What if I told you I had cancer? Would I suddenly appear bolder and braver than those without it? Or perhaps I lost a loved one, or suffered a traumatic event? Would that suddenly make me easier to understand or relate to? Why is it that we find ourselves compassionate only to those whose troubles we know, but assume that all others are privileged and therefore not in need of our consideration unless earned? It’s exactly this morbidity that drives the mentality of hero worship. We only perceive others as heroes if they have triumphed over a struggle that weighs us down, or achieved a goal against odds similar to our own.
I can’t recall who said it, but they said it well when they suggested that:
Each time we create a hero we diminish our own capacity for greatness.
When we create heroes we create limits. The naïve optimist may see it as setting an aspirational goal, but the realist knows that it sets a limit to what we wish to achieve. It therefore defies logic and reason that one would go through life with the goal of being someone’s hero. There are two critical shortcomings in such an objective. With the first having been explained above, the second is more troubling though because it suggests that the one seeking such a status is shaping their life around the expectations of another.
I vehemently oppose the belief that we should live our lives with the intention of fulfilling another’s expectations of us. The one that appears to be heroic in such an endeavour is in fact a martyr. Not all martyrs are worthy of celebration. Those that act impulsively out of conviction rather than a consideration for the consequential fame and admiration they may earn are of honourable, maybe even of noble intent. Those that act while consciously aware of the potential fame and good fortune that may follow are attention-seekers and should be spurned. They are the ones that will behave unethically and will lose their moral compass the moment their intended audience is not around to witness their foul ways.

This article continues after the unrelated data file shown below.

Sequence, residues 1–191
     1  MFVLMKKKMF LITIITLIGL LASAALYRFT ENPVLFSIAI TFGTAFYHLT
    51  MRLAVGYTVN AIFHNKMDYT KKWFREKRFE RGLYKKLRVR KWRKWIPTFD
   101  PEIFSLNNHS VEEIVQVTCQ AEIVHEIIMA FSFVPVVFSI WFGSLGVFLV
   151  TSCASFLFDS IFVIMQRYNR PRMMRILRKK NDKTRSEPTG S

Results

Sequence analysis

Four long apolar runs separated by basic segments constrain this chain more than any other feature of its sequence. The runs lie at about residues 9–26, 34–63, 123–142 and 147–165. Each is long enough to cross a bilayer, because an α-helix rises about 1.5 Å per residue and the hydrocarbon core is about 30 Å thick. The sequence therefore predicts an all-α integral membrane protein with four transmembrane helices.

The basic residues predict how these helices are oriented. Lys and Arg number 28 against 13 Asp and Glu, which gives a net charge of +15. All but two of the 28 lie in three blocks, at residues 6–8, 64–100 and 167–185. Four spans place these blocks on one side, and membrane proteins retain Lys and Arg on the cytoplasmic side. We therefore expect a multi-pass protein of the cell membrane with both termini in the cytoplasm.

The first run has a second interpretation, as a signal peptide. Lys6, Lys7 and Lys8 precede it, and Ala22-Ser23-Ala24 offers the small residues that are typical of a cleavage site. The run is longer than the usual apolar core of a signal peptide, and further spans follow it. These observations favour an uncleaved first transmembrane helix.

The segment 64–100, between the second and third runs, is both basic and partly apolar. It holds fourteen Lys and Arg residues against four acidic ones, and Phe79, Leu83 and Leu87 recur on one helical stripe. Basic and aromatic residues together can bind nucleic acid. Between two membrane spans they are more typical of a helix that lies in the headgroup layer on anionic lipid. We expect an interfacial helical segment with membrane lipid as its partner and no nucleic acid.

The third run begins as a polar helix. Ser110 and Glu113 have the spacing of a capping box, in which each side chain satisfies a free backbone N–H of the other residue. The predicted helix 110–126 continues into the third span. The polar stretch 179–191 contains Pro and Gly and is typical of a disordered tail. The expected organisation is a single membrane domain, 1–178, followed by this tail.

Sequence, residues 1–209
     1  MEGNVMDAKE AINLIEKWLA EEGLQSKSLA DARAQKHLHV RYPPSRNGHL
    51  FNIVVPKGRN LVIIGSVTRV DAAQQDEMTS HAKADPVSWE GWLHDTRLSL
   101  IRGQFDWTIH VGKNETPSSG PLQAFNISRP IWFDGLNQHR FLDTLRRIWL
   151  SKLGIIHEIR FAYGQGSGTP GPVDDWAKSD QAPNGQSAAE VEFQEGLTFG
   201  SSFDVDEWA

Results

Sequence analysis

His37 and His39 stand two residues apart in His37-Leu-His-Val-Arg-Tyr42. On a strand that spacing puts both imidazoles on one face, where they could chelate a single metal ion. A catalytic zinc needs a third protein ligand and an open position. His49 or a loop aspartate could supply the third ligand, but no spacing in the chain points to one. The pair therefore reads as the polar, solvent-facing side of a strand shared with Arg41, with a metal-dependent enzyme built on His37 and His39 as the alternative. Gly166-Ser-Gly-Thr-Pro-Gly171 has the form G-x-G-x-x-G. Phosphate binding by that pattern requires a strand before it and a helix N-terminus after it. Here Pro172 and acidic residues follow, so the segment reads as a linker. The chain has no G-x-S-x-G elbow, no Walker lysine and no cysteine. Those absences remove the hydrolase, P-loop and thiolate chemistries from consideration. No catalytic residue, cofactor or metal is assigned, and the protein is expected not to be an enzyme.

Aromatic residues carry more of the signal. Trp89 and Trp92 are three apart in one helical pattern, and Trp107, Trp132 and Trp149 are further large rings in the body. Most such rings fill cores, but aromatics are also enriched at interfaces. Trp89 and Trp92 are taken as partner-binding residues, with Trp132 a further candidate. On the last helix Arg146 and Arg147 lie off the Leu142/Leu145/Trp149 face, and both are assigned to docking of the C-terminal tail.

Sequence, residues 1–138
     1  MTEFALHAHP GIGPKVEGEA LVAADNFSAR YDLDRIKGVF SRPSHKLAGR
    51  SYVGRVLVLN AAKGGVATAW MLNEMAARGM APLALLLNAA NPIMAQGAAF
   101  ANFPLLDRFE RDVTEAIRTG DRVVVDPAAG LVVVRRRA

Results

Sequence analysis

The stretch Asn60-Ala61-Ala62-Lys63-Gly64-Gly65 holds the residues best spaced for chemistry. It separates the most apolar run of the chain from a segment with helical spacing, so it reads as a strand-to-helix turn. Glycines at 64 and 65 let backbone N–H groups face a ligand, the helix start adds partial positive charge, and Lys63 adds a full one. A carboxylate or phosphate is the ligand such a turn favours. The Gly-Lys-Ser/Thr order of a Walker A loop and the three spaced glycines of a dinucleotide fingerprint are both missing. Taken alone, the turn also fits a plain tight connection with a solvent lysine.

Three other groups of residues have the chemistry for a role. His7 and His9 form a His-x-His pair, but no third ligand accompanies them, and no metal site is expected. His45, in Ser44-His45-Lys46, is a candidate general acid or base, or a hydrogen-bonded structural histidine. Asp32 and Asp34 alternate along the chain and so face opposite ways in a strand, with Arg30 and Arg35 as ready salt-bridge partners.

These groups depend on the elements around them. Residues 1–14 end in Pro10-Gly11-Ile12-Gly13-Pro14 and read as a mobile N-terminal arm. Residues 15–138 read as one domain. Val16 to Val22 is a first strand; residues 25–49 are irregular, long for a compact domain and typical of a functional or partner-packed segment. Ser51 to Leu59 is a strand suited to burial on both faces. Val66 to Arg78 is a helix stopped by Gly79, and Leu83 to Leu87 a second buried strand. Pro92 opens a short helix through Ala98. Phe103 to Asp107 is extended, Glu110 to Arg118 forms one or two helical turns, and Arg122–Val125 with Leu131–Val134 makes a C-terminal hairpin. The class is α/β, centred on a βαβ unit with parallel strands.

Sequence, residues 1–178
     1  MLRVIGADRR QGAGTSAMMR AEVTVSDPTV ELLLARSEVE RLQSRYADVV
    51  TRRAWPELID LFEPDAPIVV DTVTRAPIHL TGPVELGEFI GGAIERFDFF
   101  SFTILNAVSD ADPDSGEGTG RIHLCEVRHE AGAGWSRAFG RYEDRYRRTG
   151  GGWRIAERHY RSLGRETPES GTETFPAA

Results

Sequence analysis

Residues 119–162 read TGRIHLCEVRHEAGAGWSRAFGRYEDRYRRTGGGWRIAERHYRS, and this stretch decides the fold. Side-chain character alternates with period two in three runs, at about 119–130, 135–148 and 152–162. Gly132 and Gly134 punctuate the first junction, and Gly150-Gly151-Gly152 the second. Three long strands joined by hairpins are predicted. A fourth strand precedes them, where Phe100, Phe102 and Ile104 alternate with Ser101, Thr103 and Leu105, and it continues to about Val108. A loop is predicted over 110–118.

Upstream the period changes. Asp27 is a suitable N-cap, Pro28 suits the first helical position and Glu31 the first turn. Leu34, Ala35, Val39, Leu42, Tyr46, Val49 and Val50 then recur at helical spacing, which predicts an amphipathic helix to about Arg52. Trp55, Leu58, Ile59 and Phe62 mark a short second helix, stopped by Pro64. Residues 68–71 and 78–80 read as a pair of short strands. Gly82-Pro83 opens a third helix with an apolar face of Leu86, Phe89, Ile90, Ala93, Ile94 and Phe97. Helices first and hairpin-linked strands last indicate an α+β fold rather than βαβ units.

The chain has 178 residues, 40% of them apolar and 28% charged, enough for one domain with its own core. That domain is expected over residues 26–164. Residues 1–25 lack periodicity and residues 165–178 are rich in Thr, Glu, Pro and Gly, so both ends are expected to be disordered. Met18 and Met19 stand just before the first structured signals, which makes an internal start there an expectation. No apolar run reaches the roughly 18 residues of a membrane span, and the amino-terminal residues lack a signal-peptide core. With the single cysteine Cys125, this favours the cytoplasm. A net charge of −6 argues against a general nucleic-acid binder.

We are driven more by our ego than we are by sincerity of intent. Those that deny this fact are in fact in denial. So when we set out to be the hero of those around us, be they our significant others, or people whose respect and admiration we court, we must not fool ourselves into believing that such an endeavour is a noble one. Although the benefits may be so, the intent is very firmly grounded in our need for significance, or our need to allay the guilt of those actions that undermine the integrity of the relationship we proclaimed to have had with the one we now wish to serve. Simply stated, when we feel a need to compensate for past failures or betrayals, we willingly sacrifice our rights and liberties in order to repay our debts for previously abusing the rights of others. And to the casual observer, we may appear heroic in the process.
I think every one of us harbours a desire to be celebrated. The greater the self-loathing, the greater the need for that affirmation and validation. Those that court such attention are often the most troubled. Those that don’t, seek fulfilment of a more substantial kind. But that is the musings of another post altogether. All this keeps nagging at me with one final realisation that many don’t grasp. The difference between rights and expectations. Some will read this and find reason to abdicate their responsibility towards others under the false notion that they refuse to live according to the expectations of others, when in fact the truth is closer to them searching for any reason to abdicate responsibility. Period.